Brilliant box set retrospective featuring the albums NEU!, NEU! 2, NEU! ’75 and, appearing officially for the first time, NEU! ’86, as well as NEU! ’72, a previously unreleased live maxi-single that clocks in at just under 18 minutes. All the NEU! you will ever need, basically.

10: JEFF PHELPS
MAGNETIC EYES
(TOMLAB)

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‘On the Corner’

First issued in a run of 1000 copies in 1985, Magnetic Eyes has become the stuff of diggers’ legend, more recently hailed as a work of electro-soul genius by Dam-Funk and Nite Jewel. It certainly lives up to the hype, Phelps’ rugged drum machine and synth arrangements providing the rough while teenager singer Antoinette Marie Pugh ladles on the smooth.


09: DIETER MOEBIUS
TONSPUREN
(BUREAU B)

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‘Hasenheide’

Dieter Moebius’s Tonspuren was a favourite long before Bureau B reissued it (along with virtually everything ever made by he and his Cluster partner Hans-Joachim Roedelius) this year, but it’s great to have it readily available on vinyl again. The opening sequence of dainty synth miniatures, so blithely innocent as to be almost sinister, must have strongly influenced Ghost Box’s Belbury Poly, and the album gets darker and less predictable as it goes on, the pastoral whimsy giving way completely to sickly sweet dissonance on ‘Etwas’, eldritch cackles on ‘Furbo’ and droning, panning proto-techno on ‘B 36′.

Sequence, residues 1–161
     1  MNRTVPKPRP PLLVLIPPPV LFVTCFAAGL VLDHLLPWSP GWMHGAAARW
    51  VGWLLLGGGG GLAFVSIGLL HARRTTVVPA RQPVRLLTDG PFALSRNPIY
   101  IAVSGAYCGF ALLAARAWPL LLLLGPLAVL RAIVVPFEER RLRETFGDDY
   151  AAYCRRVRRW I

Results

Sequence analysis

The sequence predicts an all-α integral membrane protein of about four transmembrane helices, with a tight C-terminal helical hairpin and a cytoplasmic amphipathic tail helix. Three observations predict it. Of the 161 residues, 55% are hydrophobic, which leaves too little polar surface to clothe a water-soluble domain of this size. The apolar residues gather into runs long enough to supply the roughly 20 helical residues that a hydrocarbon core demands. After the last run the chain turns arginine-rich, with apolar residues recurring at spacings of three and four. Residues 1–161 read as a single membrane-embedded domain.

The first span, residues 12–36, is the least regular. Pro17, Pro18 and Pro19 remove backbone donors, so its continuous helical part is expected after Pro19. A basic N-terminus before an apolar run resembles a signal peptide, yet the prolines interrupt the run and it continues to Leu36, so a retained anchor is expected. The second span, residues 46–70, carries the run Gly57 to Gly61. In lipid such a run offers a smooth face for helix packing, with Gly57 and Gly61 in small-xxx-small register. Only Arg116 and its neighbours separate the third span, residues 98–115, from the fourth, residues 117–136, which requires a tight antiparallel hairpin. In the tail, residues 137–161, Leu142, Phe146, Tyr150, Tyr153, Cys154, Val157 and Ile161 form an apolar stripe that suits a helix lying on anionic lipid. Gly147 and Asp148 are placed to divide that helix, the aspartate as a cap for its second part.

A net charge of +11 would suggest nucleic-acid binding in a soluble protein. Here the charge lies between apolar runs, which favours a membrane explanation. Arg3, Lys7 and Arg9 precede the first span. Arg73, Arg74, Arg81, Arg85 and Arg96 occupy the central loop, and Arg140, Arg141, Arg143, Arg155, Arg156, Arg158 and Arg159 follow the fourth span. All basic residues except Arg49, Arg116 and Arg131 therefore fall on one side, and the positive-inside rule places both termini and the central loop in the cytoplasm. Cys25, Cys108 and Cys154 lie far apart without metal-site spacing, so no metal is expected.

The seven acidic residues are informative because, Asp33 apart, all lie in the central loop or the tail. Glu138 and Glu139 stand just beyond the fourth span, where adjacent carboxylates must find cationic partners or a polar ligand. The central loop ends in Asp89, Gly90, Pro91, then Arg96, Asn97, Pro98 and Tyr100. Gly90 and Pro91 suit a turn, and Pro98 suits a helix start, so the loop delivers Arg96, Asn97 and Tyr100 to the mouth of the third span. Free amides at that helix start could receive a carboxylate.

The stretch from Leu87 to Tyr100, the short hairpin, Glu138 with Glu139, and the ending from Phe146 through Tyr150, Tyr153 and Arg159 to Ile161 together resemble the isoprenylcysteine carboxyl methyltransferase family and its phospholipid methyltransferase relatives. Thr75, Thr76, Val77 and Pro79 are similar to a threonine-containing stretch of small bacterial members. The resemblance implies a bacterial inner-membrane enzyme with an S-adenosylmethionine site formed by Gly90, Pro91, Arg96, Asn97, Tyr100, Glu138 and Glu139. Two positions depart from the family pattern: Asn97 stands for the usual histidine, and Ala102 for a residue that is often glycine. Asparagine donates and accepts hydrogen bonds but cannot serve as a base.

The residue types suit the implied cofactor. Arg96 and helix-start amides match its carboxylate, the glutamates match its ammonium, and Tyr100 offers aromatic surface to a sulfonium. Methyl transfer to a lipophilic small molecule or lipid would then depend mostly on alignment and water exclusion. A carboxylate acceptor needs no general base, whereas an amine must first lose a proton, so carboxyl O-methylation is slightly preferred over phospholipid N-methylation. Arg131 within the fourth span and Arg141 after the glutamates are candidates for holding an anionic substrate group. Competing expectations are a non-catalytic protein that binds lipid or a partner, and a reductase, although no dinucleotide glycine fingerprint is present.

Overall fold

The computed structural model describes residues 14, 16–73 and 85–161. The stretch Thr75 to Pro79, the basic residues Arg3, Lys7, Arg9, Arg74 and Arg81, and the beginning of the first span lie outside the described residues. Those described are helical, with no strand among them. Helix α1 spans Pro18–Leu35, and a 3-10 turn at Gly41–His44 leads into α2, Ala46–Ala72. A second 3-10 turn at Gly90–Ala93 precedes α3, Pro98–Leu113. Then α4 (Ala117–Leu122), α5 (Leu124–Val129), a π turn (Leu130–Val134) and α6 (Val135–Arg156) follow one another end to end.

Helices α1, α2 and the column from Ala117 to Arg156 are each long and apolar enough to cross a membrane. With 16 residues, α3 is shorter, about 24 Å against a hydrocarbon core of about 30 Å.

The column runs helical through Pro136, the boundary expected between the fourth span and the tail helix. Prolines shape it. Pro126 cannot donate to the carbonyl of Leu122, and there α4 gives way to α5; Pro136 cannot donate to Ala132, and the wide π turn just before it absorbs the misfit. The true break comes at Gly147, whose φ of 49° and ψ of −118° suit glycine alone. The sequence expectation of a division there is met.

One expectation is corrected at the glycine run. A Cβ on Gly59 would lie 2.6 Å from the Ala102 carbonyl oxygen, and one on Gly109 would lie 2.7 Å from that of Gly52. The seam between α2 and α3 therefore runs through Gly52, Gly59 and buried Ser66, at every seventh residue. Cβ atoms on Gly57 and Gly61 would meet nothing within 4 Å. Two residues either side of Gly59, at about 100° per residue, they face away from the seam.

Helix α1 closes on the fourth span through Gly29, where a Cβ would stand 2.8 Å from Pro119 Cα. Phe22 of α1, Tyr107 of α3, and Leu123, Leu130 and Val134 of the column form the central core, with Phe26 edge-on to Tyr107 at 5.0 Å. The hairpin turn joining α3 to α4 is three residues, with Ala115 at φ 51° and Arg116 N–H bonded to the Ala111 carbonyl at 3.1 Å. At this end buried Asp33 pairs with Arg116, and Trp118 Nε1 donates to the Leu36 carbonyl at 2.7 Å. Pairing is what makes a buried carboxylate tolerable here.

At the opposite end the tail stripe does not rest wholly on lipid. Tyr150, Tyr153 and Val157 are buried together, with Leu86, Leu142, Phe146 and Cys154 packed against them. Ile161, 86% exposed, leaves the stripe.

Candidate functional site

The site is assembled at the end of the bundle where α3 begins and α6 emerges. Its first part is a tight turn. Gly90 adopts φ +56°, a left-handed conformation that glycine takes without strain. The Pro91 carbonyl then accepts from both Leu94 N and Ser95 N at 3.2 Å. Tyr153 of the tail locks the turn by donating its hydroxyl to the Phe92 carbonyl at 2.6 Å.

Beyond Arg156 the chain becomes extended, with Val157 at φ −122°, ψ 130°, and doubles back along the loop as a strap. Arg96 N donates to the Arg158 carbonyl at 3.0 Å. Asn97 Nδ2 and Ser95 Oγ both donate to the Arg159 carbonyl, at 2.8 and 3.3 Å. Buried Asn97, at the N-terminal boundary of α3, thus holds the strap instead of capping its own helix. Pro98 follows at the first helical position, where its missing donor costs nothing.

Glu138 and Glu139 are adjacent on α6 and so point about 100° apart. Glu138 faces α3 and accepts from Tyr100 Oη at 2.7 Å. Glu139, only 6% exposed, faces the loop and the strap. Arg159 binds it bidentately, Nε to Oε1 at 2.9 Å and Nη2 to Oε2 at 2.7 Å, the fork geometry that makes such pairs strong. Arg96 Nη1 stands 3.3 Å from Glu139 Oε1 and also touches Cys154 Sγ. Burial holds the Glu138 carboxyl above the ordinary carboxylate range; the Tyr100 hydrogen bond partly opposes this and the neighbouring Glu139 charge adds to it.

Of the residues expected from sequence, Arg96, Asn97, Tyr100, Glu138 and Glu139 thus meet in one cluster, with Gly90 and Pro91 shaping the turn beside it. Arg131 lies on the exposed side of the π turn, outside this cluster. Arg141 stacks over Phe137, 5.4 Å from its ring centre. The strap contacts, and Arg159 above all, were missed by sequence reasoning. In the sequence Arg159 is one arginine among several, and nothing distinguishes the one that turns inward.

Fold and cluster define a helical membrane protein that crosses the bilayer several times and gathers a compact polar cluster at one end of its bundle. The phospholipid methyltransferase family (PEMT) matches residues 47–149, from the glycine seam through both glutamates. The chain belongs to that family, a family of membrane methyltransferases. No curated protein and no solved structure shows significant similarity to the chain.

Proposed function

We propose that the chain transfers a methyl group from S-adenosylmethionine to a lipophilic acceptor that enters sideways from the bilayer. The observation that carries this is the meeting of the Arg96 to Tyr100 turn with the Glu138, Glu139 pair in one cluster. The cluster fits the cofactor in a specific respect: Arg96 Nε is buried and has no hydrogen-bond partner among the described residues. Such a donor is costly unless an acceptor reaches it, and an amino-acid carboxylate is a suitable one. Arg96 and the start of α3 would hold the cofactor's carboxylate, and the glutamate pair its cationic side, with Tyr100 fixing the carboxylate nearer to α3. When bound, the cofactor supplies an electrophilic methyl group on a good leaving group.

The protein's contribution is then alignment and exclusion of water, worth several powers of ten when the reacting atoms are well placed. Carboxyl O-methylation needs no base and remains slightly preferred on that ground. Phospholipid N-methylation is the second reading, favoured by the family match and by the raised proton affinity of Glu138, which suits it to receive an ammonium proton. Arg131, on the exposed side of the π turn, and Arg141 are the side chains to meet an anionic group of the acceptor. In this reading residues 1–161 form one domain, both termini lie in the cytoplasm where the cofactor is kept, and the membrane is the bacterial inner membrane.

08: CHARANJIT SINGH
SYNTHESIZING: 10 RAGAS TO A DISCO BEAT
(BOMBAY CONNECTION)

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‘Raga Lalit’

Was acid house born in India? That was certainly Bombay Connection’s contention when they unearthed and repackaged this absurdly rare album of hypnotic 4/4 grooves made with a 303, 808 and Jupiter-8 by Bollywood soundtrack genius Charanjit Singh in nineteen-eighty-two. It’s not often that a reissue comes along and completely destroys your sense of historical narrative, but 10 Ragas To A Disco Beat did exactly that.


07: DAVID BOWIE
STATION TO STATION: DELUXE EDITION
(EMI)

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‘Station to Station’

Written and recorded at the height of his death-defying coke addiction, Station To Station was the immediate precursor to the sombre, minimalist majesty of the Berlin trilogy (Low, “Heroes”, Lodger); Young Americans‘ slick funk beginning to give way to more austere, Teutonic textures inspired by Kraftwerk and NEU!. The album was co-produced by Bowie and Harry Maslin at LA’s Cherokee Studios; asked about his host city at the time, an increasingly paranoid, occult-dabbling Bowie suggested that “the fucking place should be wiped off the face of the earth”. The epic title track is as high as a kite, one of the most uplifting, energetic pop songs of all time, but its sporadic intimations of the hangover to come are terrifying.


06: DADAWAH
PEACE & LOVE
(DUG OUT)

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‘Zion Land’

Though a prime example of nyabinghi (Rastafarian devotional music), Dadawah’s Peace And Love – originally released on Wild Flower in 1974- is no regular jah-praising platter. Rather it’s as bottomless and revelatory as an acid trip (but without the paranoia); in Dug Out’s estimation, it’s the closest reggae comes to psychedelia. The peak of the album is ‘Zion Land’ – Ras Michel’s languid vocals levitating over pungent keyboard parts which sound as though they were recorded in a cathedral, the red-eyed studio genius of Lloyd Charmers and George Raymond in full effect.